Five “leading sustainability and integrated reporting organizations” have issued Statement of Intent to Work Together Towards Comprehensive Corporate Reporting, a summary of alignment discussions.
The five are CDP, the Climate Disclosure Standards Board, the Global Reporting Initiative, the International Integrated Reporting Council and the Sustainability Accounting Standards Board. Here’s an extract from the introduction
- Corporate reporting is a means by which stakeholders, including investors, can understand and evaluate companies’ performance, just as companies themselves use information internally to inform decision-making. Financial reporting has matured as a result of internationally recognized accounting standards that bring transparency, accountability and efficiency to financial markets around the world. Sustainability disclosure is necessarily more complex than financial reporting for a number of reasons:
- Some users of sustainability information, such as providers of financial capital, share the same primary objective as users of financial information – namely to make economic decisions. However, there is a variety of other users and therefore objectives of sustainability information. It is important that a company recognizes this when determining which sustainability topics to disclose performance on, as well as in the choice of communication channels.
- The nature of sustainability topics, including their interest to different types of users of information and their influence on companies’ performance, can also change, sometimes slowly but sometimes rapidly. We refer to this concept as “dynamic materiality”2 .
- There is a common misperception that conflates sustainability information with the expanding eco-system of related ratings, indices and analytical tools, which rely on its disclosure.
- Taken all together, these features have created confusion among producers and users of sustainability information – and have made it harder to develop the comprehensive solution for corporate reporting that is urgently needed.
The report asserts that “conditions are ideal for rapid progress” and that “the time is now,” and goes on:
- We believe that the conditions are ripe for the development of a market-based and globally coherent solution for sustainability disclosure standards. Climate change, the global pandemic and the increasingly clear connection between sustainability performance and financial risk and return are driving the urgency. Stakeholders across the eco-system have recognized this and, through the various initiatives and calls for action from many players, including policy makers, there is a groundswell of support for a system change. Meanwhile, the increasing collaboration among the standard-setters and frameworks themselves offers an opportunity to greatly accelerate progress. As leading independent global framework- and standard-setters for sustainability and interconnected reporting, our efforts are natural building blocks for progress towards a comprehensive corporate reporting system.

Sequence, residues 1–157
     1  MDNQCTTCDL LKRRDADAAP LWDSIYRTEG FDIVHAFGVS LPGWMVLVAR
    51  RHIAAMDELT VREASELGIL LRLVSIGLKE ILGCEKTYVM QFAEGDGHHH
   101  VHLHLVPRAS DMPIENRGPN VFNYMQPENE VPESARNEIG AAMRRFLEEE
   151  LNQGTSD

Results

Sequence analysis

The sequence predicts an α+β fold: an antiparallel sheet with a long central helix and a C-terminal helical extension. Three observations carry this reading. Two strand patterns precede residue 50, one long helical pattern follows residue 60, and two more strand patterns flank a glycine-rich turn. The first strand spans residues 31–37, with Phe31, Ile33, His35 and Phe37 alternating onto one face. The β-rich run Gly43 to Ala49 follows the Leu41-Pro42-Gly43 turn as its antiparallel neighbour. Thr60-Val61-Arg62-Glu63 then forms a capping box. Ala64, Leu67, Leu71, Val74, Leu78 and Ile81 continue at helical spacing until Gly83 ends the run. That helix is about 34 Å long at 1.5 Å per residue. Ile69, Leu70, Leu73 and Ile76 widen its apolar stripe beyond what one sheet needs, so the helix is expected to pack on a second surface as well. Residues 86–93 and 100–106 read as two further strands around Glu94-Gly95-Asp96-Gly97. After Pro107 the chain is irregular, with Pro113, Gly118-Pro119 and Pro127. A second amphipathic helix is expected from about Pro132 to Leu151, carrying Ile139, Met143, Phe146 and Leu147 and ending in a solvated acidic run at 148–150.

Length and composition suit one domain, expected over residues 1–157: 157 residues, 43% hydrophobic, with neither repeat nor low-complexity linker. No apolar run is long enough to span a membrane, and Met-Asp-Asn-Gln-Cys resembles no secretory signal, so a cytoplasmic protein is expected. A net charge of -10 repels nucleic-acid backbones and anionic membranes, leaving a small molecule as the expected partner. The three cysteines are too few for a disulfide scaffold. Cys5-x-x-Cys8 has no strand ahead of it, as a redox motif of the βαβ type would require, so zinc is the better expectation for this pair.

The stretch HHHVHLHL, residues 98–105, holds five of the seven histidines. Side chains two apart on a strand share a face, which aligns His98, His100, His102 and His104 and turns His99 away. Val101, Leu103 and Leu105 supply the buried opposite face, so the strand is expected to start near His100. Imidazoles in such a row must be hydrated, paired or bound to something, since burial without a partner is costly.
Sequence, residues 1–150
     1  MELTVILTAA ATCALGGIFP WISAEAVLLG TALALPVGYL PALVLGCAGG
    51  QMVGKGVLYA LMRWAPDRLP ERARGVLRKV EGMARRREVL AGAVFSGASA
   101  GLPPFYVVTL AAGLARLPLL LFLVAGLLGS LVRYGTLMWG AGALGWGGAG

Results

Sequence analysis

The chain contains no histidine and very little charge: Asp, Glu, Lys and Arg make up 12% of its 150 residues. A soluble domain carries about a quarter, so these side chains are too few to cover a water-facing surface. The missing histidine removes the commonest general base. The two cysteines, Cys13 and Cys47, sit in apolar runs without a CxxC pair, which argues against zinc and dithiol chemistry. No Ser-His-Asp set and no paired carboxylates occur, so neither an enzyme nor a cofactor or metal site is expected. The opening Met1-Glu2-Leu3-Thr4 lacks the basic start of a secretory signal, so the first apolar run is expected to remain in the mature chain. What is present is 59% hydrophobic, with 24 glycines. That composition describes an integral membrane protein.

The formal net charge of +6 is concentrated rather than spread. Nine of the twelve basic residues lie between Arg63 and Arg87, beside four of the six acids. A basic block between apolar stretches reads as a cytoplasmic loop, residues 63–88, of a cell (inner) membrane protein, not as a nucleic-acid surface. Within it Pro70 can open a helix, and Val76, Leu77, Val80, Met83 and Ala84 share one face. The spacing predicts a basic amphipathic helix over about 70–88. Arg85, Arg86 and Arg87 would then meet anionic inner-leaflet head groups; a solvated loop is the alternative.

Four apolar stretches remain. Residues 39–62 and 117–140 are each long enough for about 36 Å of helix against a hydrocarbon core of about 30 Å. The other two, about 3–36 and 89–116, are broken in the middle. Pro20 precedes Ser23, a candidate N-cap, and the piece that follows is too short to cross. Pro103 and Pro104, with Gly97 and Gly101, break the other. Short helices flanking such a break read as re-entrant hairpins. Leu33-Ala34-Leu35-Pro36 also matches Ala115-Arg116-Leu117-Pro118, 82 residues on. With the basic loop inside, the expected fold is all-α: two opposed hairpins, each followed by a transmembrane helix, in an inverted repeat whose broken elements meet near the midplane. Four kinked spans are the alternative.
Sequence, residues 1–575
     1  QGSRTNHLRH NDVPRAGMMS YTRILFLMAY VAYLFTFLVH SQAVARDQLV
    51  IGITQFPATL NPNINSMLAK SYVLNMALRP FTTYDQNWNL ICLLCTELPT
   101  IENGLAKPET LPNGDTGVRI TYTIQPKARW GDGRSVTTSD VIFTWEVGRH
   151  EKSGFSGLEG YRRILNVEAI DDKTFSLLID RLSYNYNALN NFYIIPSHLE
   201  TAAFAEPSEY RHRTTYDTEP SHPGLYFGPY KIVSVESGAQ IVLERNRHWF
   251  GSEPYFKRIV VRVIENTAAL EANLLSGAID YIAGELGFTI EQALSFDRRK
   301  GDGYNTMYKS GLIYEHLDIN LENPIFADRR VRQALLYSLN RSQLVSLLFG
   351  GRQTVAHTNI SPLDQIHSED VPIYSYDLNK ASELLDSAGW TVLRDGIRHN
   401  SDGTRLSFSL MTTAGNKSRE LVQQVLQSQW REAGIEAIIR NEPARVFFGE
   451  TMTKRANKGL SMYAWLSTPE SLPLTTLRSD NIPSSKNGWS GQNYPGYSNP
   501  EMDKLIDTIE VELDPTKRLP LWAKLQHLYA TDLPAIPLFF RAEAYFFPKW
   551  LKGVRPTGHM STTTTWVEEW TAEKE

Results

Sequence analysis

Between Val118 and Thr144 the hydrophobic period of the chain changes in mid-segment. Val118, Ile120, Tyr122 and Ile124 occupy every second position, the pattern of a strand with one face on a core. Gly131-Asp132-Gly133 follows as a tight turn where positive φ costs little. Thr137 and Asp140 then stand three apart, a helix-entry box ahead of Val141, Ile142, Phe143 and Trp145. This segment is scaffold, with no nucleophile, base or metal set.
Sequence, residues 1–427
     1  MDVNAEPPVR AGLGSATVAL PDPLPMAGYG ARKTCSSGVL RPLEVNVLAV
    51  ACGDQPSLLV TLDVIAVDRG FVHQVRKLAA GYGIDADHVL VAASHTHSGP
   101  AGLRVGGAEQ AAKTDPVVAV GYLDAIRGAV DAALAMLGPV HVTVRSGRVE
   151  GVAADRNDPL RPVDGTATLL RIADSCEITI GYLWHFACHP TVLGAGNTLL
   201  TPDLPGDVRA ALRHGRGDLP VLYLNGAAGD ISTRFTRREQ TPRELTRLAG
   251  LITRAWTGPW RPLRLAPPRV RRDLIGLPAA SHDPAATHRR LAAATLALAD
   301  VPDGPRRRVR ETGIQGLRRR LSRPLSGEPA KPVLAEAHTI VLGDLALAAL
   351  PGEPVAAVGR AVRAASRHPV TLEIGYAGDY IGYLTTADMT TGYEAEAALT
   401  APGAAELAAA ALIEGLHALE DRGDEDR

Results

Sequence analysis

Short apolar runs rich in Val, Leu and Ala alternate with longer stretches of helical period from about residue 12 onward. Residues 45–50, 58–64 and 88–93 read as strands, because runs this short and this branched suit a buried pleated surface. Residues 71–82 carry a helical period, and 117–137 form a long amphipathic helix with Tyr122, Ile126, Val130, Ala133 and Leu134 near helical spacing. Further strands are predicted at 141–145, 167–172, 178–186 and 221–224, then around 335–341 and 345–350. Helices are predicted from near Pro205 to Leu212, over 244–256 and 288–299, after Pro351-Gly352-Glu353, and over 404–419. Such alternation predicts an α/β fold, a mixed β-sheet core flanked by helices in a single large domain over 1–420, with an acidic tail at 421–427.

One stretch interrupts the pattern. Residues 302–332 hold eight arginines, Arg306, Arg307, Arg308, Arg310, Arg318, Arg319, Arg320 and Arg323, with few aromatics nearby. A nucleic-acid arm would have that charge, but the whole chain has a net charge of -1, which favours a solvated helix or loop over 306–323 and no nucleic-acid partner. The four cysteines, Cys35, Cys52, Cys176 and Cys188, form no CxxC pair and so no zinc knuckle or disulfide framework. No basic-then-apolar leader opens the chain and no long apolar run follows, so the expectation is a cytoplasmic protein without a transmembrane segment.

However, the report doesn’t seem to contain any specific timelines or targets, such that the concepts of rapidity and urgency must apparently be applied loosely.
The report states that this initiative is “urgently needed to improve enterprises’ contribution to sustainable development, to help address climate change and to enable more resilient, efficient financial markets.” But as we’ve noted before, the axiom “what gets measured gets managed” may be problematic in this context. There’s little doubt that some entities could plausibly claim to better control the adverse environmental implications of their activities, as a result of having a way of quantifying those impacts, and then setting targets and monitoring progress relating to them. On the other hand, most of us can recall examples from our past or present work lives of how the drive to meet numerical targets can be counterproductive, at worst ignoring or even undermining their underlying point.
But that aside, this is mostly about financial markets. To put it bluntly, as environmental conditions and long-term prospects steadily get worse, the task of picking investment winners and losers will become increasingly strained, increasing the need for a common reference point. But this doesn’t necessarily mean that (for instance) chronic polluters and all-round environmental criminals will be severely punished by the market, only that the risk-return opportunity they exist, relative to their then-current stock price, will be tricky to evaluate (for instance, in determining when to get out before the whole thing collapses). And this leads to the fundamental problem – that the goal of enabling more resilient, efficient financial markets, assuming an aspect of the desired resiliency is that they continue to make money for those who participate in them, is almost certainly inherently inconsistent with that of addressing climate change. Further, we’ve seen this year how covid-19 (which in its perverse way has made at least some contribution to the fight against climate change, by plucking planes out of the sky and so forth) has only allowed market returns to persist at the price of chronically increased inequality and debt burdens. It’s foreseeable that stock markets will continue to have less and less to do with general prosperity and well-being, and that the game of doing well in them will become largely abstract and disconnected, played by its own hermetic rules, their connection to the decaying real world largely illusionary. Whatever the participants believe their current project may achieve, its main legacy may only be to fuel the continuation of that dynamic…
The opinions expressed are solely those of the author